Ongoing eye surgery
My daughter had a major operation three years ago to give her new lenses – new eyes, as we described it. Her eyesight improved dramatically and the child who had needed glasses from the age of 21 months now moved around confidently without them. However, the ophthalmologist told us that she’d need ongoing surgery to remove the “haze” of cells that would keep growing back over her new lenses. This has come to pass.
In the intervening time, we’ve maintained regular optometrist visits to check how my daughter’s eyes are going. I’ve shared before the difficulties my daughter has with eye examinations. Frustratingly, the visits have not become easier. If anything, they’re harder. She can’t keep her eye open long enough or sit still enough for any of the you-beaut machines to take accurate readings or measurements of her eyes. When shown ye olde eye chart on the wall, she wants to get out of her seat to read it because – of course – she can’t see it!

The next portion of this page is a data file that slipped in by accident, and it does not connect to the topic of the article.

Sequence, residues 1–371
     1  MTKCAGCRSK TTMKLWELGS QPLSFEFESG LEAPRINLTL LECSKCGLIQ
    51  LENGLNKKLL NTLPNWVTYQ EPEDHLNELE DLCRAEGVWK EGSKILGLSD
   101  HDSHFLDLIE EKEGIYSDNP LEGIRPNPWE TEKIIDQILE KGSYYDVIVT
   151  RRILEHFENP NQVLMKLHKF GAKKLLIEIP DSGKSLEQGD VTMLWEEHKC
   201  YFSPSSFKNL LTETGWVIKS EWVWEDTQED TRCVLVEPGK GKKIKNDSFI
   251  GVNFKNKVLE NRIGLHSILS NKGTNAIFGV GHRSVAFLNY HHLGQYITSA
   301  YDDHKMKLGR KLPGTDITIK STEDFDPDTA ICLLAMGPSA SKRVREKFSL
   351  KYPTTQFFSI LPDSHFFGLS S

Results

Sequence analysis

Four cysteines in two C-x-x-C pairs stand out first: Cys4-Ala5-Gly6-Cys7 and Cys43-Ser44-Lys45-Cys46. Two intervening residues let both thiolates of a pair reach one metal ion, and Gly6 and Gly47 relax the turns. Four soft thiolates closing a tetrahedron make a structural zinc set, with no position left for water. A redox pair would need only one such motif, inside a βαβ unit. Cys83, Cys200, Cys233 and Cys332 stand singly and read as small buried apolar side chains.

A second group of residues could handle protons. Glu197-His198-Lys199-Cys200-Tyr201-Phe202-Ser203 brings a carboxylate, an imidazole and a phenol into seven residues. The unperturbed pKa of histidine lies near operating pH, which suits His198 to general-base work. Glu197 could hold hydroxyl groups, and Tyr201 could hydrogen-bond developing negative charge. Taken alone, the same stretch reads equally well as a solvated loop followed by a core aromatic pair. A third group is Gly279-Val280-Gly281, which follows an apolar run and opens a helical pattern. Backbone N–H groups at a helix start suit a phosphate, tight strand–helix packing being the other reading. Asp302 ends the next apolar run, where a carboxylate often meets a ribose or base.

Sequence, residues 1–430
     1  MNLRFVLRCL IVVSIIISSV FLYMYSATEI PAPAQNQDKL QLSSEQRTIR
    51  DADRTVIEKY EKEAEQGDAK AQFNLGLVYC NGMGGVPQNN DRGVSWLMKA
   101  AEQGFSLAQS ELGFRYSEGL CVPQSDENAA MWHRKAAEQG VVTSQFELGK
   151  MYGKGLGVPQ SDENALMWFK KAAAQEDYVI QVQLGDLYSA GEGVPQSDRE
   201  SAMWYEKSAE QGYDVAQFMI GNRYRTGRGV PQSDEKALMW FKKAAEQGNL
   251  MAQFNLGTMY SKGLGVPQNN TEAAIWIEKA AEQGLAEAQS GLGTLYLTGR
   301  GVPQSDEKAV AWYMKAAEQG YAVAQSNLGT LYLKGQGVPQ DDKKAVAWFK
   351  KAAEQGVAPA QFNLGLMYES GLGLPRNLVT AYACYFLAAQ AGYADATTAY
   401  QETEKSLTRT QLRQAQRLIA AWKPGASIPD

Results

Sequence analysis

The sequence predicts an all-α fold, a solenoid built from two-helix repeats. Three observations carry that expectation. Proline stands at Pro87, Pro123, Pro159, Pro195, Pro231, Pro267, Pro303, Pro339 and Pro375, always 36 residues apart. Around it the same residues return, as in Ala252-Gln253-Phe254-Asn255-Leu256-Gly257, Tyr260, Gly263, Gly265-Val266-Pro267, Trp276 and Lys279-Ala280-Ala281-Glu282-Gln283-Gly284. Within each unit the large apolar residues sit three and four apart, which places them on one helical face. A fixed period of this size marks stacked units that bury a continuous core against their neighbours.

So the glasses prescription for this young lady is set with a mixture of educated guesswork, anecdotal evidence and hope. Which has clearly been insufficient, as we gradually realised over the past few months.
The fading light
I like to think that I notice things. And I’m very good at guilt-loading when I miss something that, in hindsight, I feel should have been obvious. But in the same way that we don’t notice how our children have grown until it’s time for one of those summer/winter uniform changeover rituals, we don’t always notice the deterioration in our kids’ sight – especially when they can’t communicate this to us.
Our poor daughter was probably almost half-blind by the time the optometrist suggested it was probably time for the eye surgeon to review her sight.
Aha – light bulb moment for me.